We all have them. A set of masks we take out and put on when we simply can't deal with our life for the moment. We use them to hide our true feelings, to cover our wounds, to escape the pain of something happening to us or around us. The last time you tried to hide how you felt in front of someone - embarrassment, anger, shame - what did your mask look like? Did wearing the mask work for the moment?
Your assignment: Post a description or list of at least five "masks" you have worn in your life. What were they worn for, what purpose did and do they serve? Describe how you will capture at least three of them in a final photographic TRIPTYCH. I will be looking at composition, creativity, understanding of the concept of personal masks, and technical ability with the final images.
Due date: Posting list of 5 masks worn - Wednesday, November 5, 2014
Completed Triptych - Tuesday, November 18, 2014
Monday, October 6, 2014
Sunday, September 28, 2014
- Once you have Photoshop opened, click on File > Scripts >Image Processor.
- In the Image Processor window, select the folder your images are in by clicking Select Folder.
- You can save in the current folder, or choose a different folder. If you save in the current folder, it will create a new folder inside it called JPEG and put the processed images there. It will not overwrite your original images.
- File Type – Save as a JPEG with a quality of 10. Your photos will be reduced in file size noticeably and will remain good quality.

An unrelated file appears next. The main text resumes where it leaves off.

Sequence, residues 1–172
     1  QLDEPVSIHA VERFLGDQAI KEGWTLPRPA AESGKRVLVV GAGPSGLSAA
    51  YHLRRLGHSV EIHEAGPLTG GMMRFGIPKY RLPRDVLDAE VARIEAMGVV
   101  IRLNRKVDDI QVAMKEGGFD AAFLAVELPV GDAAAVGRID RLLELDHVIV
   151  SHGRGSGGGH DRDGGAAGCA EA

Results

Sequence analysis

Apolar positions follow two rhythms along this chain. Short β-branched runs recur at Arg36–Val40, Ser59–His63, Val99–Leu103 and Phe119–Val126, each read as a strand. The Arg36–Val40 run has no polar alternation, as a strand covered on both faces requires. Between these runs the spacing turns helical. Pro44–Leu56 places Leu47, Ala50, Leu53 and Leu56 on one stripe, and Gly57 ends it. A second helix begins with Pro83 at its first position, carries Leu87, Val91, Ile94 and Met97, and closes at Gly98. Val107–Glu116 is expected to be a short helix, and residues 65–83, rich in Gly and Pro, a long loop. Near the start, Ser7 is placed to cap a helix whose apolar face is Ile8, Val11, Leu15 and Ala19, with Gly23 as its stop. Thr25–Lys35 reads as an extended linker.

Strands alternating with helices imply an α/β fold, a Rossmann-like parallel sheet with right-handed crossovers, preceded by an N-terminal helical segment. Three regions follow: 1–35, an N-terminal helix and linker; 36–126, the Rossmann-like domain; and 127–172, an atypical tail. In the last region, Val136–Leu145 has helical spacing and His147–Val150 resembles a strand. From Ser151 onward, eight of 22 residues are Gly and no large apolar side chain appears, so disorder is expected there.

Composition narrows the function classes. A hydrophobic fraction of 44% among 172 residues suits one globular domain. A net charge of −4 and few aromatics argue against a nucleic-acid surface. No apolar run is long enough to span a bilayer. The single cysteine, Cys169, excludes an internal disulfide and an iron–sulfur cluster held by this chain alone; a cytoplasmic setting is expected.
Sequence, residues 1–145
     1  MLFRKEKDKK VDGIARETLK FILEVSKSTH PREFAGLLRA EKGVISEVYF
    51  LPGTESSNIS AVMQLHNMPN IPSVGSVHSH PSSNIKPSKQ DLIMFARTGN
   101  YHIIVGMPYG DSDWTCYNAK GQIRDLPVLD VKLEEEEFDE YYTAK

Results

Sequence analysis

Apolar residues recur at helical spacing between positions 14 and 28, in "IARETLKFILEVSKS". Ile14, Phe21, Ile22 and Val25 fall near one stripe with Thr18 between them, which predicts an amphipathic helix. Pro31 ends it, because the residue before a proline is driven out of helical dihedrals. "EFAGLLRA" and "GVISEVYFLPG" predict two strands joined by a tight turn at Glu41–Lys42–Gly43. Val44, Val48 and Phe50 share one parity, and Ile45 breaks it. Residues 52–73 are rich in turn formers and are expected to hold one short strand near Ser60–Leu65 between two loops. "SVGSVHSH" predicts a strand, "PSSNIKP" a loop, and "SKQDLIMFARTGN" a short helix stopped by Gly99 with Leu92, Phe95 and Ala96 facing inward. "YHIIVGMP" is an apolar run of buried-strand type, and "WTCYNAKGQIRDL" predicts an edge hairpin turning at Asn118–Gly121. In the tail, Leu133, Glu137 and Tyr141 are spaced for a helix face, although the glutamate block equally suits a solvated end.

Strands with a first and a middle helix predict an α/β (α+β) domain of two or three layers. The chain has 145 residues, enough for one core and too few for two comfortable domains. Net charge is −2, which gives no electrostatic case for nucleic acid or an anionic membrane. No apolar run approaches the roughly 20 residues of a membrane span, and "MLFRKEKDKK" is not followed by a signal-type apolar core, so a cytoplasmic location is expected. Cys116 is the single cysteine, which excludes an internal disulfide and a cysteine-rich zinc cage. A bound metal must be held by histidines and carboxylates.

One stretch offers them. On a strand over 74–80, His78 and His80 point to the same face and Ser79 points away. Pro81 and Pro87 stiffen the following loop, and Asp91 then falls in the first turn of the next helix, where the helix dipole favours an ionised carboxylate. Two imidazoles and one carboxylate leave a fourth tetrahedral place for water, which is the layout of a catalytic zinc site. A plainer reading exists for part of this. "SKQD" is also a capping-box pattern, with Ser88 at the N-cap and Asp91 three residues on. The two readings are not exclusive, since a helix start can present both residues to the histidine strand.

- If you want to resize your images select Resize to Fit and enter the dimensions you want. Note: you need to keep the aspect ratio of your images. Make sure your original images are the same dimensions (they should be if they’re from the same camera) and divide the height and width separately by the same number to keep the ratio. For example, photos that are originally 2592 x 1944 will be resized to 1296 x 972, half of the original size, keeping the aspect ratio.
- Click Run and Photoshop will start processing your images. Wait for it to finish, then you can close it.
Now you can resize thousands of images with a few clicks. WHEW! That was so easy!
|Look! All my images resized at one time!|
Thursday, September 18, 2014
Friday, September 12, 2014
|Awww! Texas Sunset and True Love! What a "blend"!|
1. Pick your two images, making sure they are the same size both in resolution and dimension My images were not the same dimension so I had to place the image of Gerry and me on a new "board" that was the same dimension as the sunset photograph.
2. Select your Target (main) image.
3. Duplicate the background (Command J).
4. Select Image from the tool bar then Apply Image (this command may be hidden so go to Show All Menu Items and click on that...)
Before starting to work with it, you need to understand these important rules about using this tool:
Wednesday, September 10, 2014
How to read your ISO:
When shooting in low light conditions (like the sculpture studio!), there is not much light available for your camera sensor. A HIGH ISO number, such as ISO 3200, will increase the sensitivity of the sensor, multiplying the small amount of available light to give you a correctly exposed image. The "side effect" is what's called "increased noise" on the image, which looks like a fine grain, reducing the overall image quality...most pronounced in the darker/shadow regions.
|Present day "Girl with the Pearl Earring"...|
Outside on a sunny day, select ISO 200 and see how it goes.
If it gets cloudy, select an ISO somewhere in the range of 400-800.
If you are indoors, consider an ISO of 1600 or above.
Tuesday, August 19, 2014
Your first QCC!
Choose a partner and find the following:
Choose a partner and find the following: